Static Site

Getting started with Eleventy (11ty)

JAMStack is Fast for Development & Delivery of Fast websites & Static Site Generation is one of the way. Eleventy (11ty) is easiest Static Site Generator

Getting started with Eleventy (11ty)

JAMStack is Fast. Fast for Development and to deliver ultra Fast websites.

To develop with JAMStack, one of the ways is Static Site Generation.

Static Site Generators (SSG)

SSGs are the tools which will take the data from any data source and generate Static HTML pages.

Static Sites are way faster than any dynamic site because:

  • No content generated on runtime, which means no time spent in this process
  • The server doesn’t have to match for the dynamic URLs. HTML files delivered straight to the browser without any Route/URL matching
  • As the content is Static, it will be cached for longer time
  • Again, being Static, the websites can be delivered through CDNs. This way users don’t have to wait very long for the response.

And to build WebSites with SSGs, Eleventy (11ty) is fast and easy to use the tool.


Eleventy (11ty)

11ty is a JavaScript alternative of Jackyl. It’s built with no-configuration in mind. Though, it supports many templating languages; for example MarkDown, Pug, Handlebars etc.

We will make a simple Blogging website with following features in consideration:

  • Index Page with
  • Blog Intro
  • List of Posts
  • Blog Post page
  • Tags with Tag Index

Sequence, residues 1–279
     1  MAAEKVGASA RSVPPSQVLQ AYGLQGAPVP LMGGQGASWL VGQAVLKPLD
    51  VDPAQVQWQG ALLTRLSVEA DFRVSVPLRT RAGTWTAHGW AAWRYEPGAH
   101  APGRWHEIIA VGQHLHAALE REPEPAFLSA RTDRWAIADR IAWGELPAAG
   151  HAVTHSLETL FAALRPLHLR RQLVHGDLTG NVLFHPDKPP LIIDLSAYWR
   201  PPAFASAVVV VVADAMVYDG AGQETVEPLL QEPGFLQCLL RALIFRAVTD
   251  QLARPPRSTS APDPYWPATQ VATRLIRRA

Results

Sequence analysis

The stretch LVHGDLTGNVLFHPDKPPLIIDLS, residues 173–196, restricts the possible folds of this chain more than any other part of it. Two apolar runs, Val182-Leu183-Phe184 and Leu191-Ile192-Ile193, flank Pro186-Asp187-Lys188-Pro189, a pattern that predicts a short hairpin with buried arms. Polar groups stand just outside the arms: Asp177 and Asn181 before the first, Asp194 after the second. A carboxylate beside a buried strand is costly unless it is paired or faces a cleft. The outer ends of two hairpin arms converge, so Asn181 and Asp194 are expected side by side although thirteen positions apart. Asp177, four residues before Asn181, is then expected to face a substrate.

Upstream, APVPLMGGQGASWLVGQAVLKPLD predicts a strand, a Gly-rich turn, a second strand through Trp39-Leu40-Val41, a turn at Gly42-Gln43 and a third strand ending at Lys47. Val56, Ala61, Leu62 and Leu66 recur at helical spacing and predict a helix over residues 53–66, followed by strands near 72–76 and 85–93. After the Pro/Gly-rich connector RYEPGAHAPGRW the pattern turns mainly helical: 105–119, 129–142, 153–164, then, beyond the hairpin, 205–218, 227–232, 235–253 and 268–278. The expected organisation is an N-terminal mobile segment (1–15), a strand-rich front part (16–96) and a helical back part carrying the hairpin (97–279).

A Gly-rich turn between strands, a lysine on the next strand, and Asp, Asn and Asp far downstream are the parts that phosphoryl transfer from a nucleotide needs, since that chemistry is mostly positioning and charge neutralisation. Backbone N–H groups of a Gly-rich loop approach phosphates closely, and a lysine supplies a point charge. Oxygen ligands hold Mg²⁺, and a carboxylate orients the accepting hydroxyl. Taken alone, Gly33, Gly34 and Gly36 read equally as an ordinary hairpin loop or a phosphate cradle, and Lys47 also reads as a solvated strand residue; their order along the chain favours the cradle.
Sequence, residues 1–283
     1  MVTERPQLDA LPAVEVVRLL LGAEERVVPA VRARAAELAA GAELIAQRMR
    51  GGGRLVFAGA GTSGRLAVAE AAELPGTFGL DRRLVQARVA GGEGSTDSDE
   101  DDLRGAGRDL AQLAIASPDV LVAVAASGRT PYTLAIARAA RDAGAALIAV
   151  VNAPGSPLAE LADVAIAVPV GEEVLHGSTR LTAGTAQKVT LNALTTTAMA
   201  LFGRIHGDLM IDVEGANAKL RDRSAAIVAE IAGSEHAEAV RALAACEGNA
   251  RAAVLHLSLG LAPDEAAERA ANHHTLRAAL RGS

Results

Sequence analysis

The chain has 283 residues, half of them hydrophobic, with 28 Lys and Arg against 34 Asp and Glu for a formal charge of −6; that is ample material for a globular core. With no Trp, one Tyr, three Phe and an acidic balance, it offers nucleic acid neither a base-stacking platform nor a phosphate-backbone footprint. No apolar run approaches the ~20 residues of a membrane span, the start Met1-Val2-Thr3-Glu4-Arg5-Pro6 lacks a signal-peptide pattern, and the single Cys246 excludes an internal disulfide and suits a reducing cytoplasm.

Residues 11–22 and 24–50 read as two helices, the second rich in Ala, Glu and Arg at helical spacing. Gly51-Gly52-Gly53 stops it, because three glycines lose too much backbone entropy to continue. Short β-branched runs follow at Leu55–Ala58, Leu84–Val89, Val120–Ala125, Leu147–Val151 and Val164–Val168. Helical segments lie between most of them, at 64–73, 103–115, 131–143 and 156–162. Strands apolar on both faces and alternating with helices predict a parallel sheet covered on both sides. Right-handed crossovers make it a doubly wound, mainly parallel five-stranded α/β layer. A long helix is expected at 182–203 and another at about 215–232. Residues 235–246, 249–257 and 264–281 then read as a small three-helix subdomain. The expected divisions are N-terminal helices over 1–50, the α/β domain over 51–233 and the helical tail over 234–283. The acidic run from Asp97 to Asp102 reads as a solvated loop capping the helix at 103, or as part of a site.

• Comments with Disqus
  • Deployed on Netlify

First, we need to create a Project and add 11ty as the dev dependency, lets do that with following commands:

# make project directory
mkdir awesome-blog

# switch to the project directory
cd awesome-blog

# initialize the Node Project
yarn init -y

# Add 11ty as a dev dependency
yarn add -D @11ty/eleventy

# open VS Code in the directory
# (if you use VSCode and have set up CLI command)
code.

Now we edit the package.json file to add the following to the scripts:

{
  ...
  "scripts" : {
    "start" : "eleventy --serve"
  },
  ...
}

After adding start script in the package.json, launch yarn start on the root of your Project directory from CLI.

Now that 11ty is up and running, we need to add some content to see it building.

By default, 11ty will output the generated HTML files in _site directory.

Let's go ahead and create out index page with index.md file in the root of the project as: